Rovereto has a weekly organic market that, in our two and a half years of being here, we had never visited. For shame!
For the past year, we never managed to spend many Saturdays in Rovereto. This used to be because of my work (so pesky) but more recently it’s been because of a little bit of travel plus some of those bikes trips we’ve been doing with our newly freed Saturdays.
We finally had a free Saturday and made plans to visit the market with a friend. Our trip in to the centre happened to coincided with an event, the purpose of which I don’t actually remember. It involved a fair bit of demonstrations from the local technical schools, and free bread. But what caught our eye was the cooking classes, because who doesn’t love a (free) cooking lesson? I’ve been halfheartedly attempting to take a class ever since we arrived in Italy, with this being my only success so far.
Because Trentino was until recently(ish) a part of Austria, and because our area is quite close to the Austrian border, the local cuisine still shows off some Austrian traits. That meant our cooking demonstrations (for I returned for a second) taught us the ways of apple strudel and canaderli.
First up the canaderli which (this version at least) was really rather simple. An egg, a stale bread roll, some Italian parsley and I think some milk. Here our lovely friend is showing off her perfectly formed creations, and Matt is likely thinking of lunch.
I was this excited to learn how to make strudel – check out that grin! My table companions clearly already knew how to make strudel, which would come in handy later on – and were practically finished before I had even started.
I’ll also just note here that all Italians seem to know how to peel and chop fruit and vegetables without the aid of a chopping board or peeler. I am in awe, especially because I have, on occasion, sliced fingers with knives and I am now slightly afraid of them. But Matt is going to buy me a folding picnic knife for my birthday, and I will learn.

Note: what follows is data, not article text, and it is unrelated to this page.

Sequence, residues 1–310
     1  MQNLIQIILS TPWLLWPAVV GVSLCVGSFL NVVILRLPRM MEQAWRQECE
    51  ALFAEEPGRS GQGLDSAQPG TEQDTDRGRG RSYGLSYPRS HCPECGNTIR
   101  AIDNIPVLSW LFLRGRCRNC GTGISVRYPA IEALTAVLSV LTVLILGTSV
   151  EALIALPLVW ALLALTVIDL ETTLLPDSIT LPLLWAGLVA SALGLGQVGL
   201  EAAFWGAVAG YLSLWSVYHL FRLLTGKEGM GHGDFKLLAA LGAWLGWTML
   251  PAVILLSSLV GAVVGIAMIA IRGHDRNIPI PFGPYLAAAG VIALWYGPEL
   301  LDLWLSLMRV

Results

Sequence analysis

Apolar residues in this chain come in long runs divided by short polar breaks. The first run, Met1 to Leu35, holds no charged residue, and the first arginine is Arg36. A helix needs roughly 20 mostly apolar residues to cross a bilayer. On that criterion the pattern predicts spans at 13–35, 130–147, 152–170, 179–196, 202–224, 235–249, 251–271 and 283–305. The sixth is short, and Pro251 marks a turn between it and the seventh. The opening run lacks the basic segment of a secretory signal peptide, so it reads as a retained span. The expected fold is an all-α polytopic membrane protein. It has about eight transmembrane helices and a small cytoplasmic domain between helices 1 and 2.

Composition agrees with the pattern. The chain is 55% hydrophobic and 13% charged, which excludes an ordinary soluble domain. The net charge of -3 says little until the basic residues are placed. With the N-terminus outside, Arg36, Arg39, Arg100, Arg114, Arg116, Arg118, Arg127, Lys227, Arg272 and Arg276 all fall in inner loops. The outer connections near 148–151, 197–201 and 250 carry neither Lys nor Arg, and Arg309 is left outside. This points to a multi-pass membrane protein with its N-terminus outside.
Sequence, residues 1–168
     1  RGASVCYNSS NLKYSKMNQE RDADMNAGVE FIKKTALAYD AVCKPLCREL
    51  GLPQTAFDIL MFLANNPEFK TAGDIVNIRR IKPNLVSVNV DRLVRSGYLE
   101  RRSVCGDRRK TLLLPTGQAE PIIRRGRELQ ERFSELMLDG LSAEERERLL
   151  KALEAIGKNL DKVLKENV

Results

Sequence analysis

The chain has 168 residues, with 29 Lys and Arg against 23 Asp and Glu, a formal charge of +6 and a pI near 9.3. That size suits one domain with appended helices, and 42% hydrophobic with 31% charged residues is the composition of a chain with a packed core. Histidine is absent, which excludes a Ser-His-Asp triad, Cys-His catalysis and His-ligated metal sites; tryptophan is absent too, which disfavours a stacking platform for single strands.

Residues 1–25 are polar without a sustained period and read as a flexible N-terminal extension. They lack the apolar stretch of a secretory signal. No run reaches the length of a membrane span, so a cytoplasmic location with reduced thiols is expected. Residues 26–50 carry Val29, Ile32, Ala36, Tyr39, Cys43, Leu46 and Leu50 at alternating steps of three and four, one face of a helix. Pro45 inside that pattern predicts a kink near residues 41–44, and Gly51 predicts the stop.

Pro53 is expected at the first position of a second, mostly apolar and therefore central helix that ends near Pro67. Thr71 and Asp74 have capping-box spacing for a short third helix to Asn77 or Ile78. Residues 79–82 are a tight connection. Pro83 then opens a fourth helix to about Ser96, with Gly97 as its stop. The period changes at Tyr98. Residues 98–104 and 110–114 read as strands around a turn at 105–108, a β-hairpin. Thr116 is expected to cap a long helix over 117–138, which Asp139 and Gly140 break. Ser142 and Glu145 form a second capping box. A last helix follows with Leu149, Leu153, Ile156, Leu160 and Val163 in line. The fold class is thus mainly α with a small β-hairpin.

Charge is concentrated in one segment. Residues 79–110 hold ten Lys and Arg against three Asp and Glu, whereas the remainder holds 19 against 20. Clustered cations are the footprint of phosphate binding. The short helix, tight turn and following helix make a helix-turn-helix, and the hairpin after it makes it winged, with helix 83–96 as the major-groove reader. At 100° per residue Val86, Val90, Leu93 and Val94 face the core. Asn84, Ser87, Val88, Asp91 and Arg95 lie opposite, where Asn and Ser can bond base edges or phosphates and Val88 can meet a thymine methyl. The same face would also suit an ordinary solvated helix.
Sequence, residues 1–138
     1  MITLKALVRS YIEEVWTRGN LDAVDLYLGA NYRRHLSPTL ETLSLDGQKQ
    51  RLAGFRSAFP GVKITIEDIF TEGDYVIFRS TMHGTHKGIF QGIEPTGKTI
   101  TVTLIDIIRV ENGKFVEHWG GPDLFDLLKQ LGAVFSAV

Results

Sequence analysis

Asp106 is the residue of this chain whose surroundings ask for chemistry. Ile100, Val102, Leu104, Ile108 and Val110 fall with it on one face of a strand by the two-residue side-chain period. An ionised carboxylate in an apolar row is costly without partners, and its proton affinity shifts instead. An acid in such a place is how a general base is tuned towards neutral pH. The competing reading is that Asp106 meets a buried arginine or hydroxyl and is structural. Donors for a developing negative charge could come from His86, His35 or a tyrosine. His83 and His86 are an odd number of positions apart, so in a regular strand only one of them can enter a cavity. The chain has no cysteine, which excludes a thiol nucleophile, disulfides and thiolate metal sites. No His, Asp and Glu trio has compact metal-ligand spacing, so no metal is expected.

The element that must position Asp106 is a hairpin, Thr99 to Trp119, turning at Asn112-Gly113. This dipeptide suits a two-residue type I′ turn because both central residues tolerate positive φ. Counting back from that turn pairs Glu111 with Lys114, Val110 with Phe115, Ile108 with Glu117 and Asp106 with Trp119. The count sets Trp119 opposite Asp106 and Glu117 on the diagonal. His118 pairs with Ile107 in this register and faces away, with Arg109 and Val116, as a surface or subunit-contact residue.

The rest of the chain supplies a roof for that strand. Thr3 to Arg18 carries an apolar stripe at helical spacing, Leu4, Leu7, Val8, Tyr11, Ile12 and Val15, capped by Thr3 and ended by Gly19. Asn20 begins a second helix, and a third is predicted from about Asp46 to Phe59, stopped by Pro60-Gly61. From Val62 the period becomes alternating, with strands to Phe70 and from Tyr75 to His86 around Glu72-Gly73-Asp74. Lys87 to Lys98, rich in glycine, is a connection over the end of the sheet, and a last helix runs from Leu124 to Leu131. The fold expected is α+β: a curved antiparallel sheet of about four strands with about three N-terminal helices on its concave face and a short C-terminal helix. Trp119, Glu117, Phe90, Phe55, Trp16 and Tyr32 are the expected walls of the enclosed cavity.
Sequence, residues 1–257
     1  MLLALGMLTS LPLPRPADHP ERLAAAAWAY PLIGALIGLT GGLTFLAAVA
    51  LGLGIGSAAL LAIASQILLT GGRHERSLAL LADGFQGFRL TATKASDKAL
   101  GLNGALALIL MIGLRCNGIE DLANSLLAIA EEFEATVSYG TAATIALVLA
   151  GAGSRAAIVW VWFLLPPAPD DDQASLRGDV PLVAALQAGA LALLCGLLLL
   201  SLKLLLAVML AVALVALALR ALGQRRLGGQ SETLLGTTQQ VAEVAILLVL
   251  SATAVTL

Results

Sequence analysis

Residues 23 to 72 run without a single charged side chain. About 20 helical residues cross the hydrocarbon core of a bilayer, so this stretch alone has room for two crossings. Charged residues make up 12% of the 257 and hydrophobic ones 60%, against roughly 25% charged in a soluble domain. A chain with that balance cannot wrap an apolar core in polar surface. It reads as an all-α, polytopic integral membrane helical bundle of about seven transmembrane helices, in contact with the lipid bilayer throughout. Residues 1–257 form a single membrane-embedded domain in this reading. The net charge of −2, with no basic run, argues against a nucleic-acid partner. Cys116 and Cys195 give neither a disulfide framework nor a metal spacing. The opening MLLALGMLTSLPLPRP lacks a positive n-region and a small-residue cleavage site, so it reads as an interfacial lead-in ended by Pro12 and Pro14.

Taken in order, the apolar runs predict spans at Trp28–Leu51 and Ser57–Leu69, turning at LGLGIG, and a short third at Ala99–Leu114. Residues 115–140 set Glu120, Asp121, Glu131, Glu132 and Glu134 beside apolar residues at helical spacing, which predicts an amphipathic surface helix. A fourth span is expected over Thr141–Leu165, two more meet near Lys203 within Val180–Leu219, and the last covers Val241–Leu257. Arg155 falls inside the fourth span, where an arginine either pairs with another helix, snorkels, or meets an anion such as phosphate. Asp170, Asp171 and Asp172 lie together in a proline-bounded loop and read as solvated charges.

My table companion was a master pastry roller. Her pastry was held up as an example for the rest of the class, and she then took over the rolling of my pastry (second photo). I was impressed, her, not so much with my pastry skills.
And no photo of the finished product (which was cooked in a professional bread oven), because meh. As much as I loved my home made strudel, and strudel in general, I do think apple pie is superior, and my strudel came out a little small and weeny looking.
We did also make it to the organic market that day where we were somewhat dismissively, but entertainingly, served by an old farmer. The Italian customers had conversations about what each item would be used for so the most appropriate piece of produce could be chosen. Whereas I had to nearly fight to get my rocket and, at the end, my total was handed to me on the receipt – because I was a foreigner (the implication being that I wouldn’t have understood). We plan to go back tomorrow :).